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Bush Backs Santorum; Polygamists Balk

The White House said GOP Sen. Rick Santorum is doing a good job as party leader and is "an inclusive man," despite his controversial remarks on homosexuality.

"The president has confidence in the senator and believes he's doing a good job as senator" and in his No. 3 Senate GOP leadership post, White House spokesman Ari Fleischer said Friday.

In an interview with The Associated Press, Santorum compared homosexuality to bigamy, polygamy, incest and adultery. He also said the right to privacy does not exist in the Constitution.

"The president believes the senator is an inclusive man. And that's what he believes," Fleischer said.

Santorum is chairman of the GOP conference in the Senate, third in his party's leadership, behind Majority Leader Bill Frist of Tennessee and Assistant Majority Leader Mitch McConnell of Kentucky. Gay rights groups and some Democrats – including several Democratic presidential candidates - have suggested he be removed from the conference post.

The White House also expressed confidence in the leadership of Sen. Trent Lott, R-Miss., in the immediate aftermath of his defense of a 1948 pro-segregation presidential ticket. As the remarks drew backlash, Mr. Bush admonished Lott for them and said it was up to the Senate to decide whether he should remain as majority leader.

Lott resigned soon after. About Santorum, Fleischer said the Senate picks its leaders.

Meanwhile, the leader of one of Utah's largest polygamist sects is objecting to Santorum's comment lumping plural marriage with other practices the Pennsylvania Republican considers to be antifamily.

Owen Allred, 89, head of the United Apostolic Brethren, based in the Salt Lake City suburb of Bluffdale, agreed with Santorum in part.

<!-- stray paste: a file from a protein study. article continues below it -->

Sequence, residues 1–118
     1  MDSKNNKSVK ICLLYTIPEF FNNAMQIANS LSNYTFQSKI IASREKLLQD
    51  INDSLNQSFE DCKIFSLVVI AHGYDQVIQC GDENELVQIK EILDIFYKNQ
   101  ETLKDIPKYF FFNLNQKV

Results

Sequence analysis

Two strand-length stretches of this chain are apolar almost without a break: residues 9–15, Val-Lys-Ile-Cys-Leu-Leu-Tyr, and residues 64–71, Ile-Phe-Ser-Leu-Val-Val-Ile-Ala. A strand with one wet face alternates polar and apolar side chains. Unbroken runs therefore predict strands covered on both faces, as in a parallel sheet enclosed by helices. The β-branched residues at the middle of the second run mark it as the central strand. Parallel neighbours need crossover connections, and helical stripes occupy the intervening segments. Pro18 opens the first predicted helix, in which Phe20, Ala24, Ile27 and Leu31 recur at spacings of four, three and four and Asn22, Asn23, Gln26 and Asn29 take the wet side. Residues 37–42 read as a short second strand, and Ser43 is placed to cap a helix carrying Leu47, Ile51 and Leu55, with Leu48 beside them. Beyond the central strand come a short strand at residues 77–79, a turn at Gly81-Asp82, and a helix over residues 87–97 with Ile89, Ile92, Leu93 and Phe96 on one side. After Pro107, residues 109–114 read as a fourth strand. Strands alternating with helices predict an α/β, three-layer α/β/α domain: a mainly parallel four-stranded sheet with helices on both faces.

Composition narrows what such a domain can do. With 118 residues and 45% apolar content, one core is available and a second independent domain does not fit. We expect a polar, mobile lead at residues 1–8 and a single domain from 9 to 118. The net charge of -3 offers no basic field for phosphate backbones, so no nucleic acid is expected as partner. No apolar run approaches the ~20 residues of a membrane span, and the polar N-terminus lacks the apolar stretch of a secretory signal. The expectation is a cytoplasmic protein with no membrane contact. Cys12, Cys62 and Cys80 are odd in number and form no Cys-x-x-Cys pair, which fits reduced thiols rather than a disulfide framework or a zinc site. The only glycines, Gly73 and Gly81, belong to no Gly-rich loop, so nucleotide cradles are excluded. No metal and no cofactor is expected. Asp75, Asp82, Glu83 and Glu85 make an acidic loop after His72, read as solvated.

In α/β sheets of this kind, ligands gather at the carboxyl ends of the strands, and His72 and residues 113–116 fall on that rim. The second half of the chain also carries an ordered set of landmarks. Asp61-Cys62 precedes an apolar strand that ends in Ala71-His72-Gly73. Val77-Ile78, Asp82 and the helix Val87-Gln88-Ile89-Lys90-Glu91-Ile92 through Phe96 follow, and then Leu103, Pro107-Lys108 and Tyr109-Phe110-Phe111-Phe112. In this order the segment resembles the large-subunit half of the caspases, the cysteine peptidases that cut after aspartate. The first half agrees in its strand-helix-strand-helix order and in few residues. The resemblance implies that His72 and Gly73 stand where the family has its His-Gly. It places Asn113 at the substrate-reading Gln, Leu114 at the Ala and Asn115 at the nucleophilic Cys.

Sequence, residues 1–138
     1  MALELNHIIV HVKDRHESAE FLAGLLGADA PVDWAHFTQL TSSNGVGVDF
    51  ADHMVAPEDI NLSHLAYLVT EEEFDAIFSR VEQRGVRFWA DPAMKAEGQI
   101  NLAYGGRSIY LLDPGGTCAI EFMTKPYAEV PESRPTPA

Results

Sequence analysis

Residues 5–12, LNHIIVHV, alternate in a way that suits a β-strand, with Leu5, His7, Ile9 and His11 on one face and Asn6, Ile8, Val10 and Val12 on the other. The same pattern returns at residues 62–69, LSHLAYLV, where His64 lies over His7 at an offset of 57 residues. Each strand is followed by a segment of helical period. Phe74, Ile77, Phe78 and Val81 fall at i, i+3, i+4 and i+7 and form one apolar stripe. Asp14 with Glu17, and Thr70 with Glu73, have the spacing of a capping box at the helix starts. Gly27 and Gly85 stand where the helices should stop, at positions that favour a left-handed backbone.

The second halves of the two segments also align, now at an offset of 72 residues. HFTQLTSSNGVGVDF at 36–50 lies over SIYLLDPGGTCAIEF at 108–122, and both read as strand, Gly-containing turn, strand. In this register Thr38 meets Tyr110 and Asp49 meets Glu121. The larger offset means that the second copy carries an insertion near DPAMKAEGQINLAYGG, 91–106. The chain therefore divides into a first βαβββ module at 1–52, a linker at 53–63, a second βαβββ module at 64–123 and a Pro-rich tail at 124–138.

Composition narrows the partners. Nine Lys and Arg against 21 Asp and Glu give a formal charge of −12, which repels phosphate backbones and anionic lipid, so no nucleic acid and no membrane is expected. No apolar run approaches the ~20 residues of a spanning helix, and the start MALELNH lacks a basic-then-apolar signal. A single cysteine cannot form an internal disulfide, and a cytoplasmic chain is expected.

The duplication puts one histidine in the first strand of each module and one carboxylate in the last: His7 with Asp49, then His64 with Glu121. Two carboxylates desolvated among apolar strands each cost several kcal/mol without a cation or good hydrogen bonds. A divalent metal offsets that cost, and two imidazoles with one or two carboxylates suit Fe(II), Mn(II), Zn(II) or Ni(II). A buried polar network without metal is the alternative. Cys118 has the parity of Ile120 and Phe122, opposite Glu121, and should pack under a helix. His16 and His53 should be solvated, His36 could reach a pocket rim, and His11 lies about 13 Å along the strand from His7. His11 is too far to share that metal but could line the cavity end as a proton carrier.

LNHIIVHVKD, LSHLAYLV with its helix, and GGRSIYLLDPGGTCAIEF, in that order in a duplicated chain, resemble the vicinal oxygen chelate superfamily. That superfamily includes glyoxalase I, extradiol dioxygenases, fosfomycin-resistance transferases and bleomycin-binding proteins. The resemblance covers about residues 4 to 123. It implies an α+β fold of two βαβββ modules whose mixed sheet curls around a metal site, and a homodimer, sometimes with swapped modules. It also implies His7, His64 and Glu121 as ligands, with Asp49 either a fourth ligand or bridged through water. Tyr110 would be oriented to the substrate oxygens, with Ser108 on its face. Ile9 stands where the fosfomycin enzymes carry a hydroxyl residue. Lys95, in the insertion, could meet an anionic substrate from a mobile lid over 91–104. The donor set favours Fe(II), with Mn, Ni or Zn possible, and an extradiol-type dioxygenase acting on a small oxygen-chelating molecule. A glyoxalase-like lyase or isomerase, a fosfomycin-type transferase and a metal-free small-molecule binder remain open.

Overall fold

"He is absolutely right. The people of the United States are doing whatever they can to do away with the sacred rights of marriage," Allred told The Salt Lake Tribune.

But Allred said Santorum's inclusion of polygamy in his list tarnishes a religious tradition whose roots are traced to biblical figures such as Abraham, Jacob and Moses — defiling them as "immoral and dirty."

"Whether it's polygamy, whether it's adultery, where it's sodomy, all of those things, are antithetical to a healthy, stable, traditional family," Santorum said.

Polygamy was abandoned by The Church of Jesus Christ of Latter-day Saints more than a century ago and it excommunicates members who advocate it, but it is estimated that tens of thousands in Utah continue the practice. Membership estimates for Allred's church range from 4,000 to 6,000, and there also are a number of independent polygamists loosely affiliated with Allred's group.

Speaking at a town hall meeting in Pennsylvania on Wednesday, Santorum defended his comments and said they were similar to what Justice Byron White wrote in the 1986 Supreme Court ruling that consenting adults have no constitutional right to private homosexual sex.

"To suggest that my comments, which are the law of the land and were the reason the Supreme Court decided the case in 1986, are somehow intolerant, I would just argue that it is not," Santorum said.

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